The scalp is a unique adaptation of the epithelial covering of the body. Anatomical variations present in the scalp modify both tumor behavior and the treatment of tumors in this area. The hair-bearing area of the scalp consists of a thick padding of hair follicles, sweat glands, fat fibrous tissue and lymphatics that are interspersed with numerous arteries and veins (Figure 4-1). This thick padding is supported by a tough aponeurotic layer that is fused in the anterior region with the frontalis muscle, and in the posterior region with the occipital muscle. This inelastic layer rests loosely on the periosteum of the
skull creating a potential subaponeurotic space. Laterally, the temporalis muscle provides an additional barrier between the galea and the periosteum.
Three principal arteries provide a rich blood supply to each side of the scalp. Two of these, the superficial temporal and occipital, are branches of the external carotid artery, while the supraorbital artery is a branch of the internal carotid artery. The lymphatic network of the scalp is also unique in that the scalp has no lymph barriers and contains many medium-caliber channels both subdermally and sub-cutaneously. The lymphatics drain toward the parotid gland, the preauricular area, the upper neck, and the occipital region.
In contrast to the scalp, facial skin is also unique in that it has several distinguishing characteristics on various parts of the face with unique anatomic features providing different functions. For example, the skin around the eyelids is extremely thin with almost no subcutaneous fat. In contrast, the skin around the central part of the face adjacent to the nose and lips is intimately attached to the underlying facial mus cles and offers facial expression. Thus, the skin of the central part of the face is mobile, while there are areas of facial skin along the lateral aspect of the nose, the bridge of the nose, and along the preauric-ular region and temple which are relatively immobile. These unique characteristics of the facial skin have significant surgical implications. Similar to the scalp, the facial skin has a rich blood supply through the facial and superficial temporal arteries. However, unlike the scalp, the facial skin has predictable patterns of lymphatic drainage to preauricular and peri-parotid lymph nodes as well as perivascular facial lymph nodes adjacent to the body of the mandible, eventually draining into the deep jugular chain of lymph nodes.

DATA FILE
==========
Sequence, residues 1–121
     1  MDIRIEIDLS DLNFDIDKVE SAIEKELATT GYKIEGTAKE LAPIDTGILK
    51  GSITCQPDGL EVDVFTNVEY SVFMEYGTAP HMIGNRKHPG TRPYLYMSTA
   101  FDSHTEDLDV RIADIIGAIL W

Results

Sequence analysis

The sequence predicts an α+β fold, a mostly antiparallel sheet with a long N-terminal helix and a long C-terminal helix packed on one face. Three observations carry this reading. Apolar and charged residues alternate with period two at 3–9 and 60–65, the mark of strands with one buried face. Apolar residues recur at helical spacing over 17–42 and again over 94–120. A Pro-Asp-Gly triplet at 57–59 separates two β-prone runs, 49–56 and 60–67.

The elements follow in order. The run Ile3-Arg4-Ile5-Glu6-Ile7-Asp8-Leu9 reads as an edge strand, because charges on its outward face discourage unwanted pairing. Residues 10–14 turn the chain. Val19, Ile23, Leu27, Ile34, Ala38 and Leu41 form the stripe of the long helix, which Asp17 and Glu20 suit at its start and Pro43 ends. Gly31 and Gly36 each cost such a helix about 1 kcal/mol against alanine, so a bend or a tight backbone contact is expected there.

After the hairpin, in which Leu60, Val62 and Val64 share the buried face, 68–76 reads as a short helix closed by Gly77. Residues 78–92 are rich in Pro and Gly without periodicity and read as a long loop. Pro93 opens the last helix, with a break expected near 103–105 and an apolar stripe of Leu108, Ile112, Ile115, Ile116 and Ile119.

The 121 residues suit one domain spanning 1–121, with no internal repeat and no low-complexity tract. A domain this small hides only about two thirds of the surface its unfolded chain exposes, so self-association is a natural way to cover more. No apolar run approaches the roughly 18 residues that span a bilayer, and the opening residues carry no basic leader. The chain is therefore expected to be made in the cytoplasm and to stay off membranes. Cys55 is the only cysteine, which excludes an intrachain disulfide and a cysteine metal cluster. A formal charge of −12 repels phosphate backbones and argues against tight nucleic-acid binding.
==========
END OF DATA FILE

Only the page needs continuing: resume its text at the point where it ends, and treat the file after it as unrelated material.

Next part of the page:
The most common malignant lesions of the skin of the face and scalp are basal cell carcinomas, squa-mous cell carcinomas, and melanomas. Occasionally one may see rare lesions such as a keratoacanthoma, Merkel cell tumor, and sweat gland carcinoma. If the extent of the excision is such that a primary closure through an elliptical defect is not possible, then one
must consider the applicability of split-thickness or full-thickness skin graft or local, regional or composite microvascular free flaps.
Was this article helpful?